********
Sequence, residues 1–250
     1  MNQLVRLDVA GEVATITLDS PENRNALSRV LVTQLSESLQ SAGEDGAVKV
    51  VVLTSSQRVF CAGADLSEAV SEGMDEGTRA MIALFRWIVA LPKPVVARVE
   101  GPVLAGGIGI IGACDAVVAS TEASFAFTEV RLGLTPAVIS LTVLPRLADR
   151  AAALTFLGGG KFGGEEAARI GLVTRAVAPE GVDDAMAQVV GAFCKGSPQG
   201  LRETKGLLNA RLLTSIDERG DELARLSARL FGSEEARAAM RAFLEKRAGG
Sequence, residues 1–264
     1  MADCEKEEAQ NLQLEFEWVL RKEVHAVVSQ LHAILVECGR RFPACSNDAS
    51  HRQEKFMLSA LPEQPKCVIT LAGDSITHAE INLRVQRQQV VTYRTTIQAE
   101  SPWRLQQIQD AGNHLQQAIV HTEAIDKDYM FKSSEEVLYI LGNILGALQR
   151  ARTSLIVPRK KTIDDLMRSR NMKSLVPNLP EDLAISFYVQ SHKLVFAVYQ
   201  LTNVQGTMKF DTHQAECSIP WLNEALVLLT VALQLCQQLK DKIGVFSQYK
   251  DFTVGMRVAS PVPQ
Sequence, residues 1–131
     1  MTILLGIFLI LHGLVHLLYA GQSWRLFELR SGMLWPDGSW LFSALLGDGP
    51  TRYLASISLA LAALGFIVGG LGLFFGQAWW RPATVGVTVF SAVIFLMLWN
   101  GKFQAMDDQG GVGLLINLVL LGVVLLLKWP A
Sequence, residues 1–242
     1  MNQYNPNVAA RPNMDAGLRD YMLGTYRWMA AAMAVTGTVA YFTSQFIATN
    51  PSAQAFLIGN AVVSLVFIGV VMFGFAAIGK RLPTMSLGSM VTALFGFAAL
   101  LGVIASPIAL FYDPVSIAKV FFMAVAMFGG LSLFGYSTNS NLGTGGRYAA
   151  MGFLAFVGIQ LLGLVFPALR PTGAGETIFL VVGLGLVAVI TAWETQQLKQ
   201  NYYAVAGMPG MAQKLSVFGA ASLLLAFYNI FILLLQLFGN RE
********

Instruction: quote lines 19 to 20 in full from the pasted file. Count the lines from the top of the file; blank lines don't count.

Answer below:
     1  MNQYNPNVAA RPNMDAGLRD YMLGTYRWMA AAMAVTGTVA YFTSQFIATN
    51  PSAQAFLIGN AVVSLVFIGV VMFGFAAIGK RLPTMSLGSM VTALFGFAAL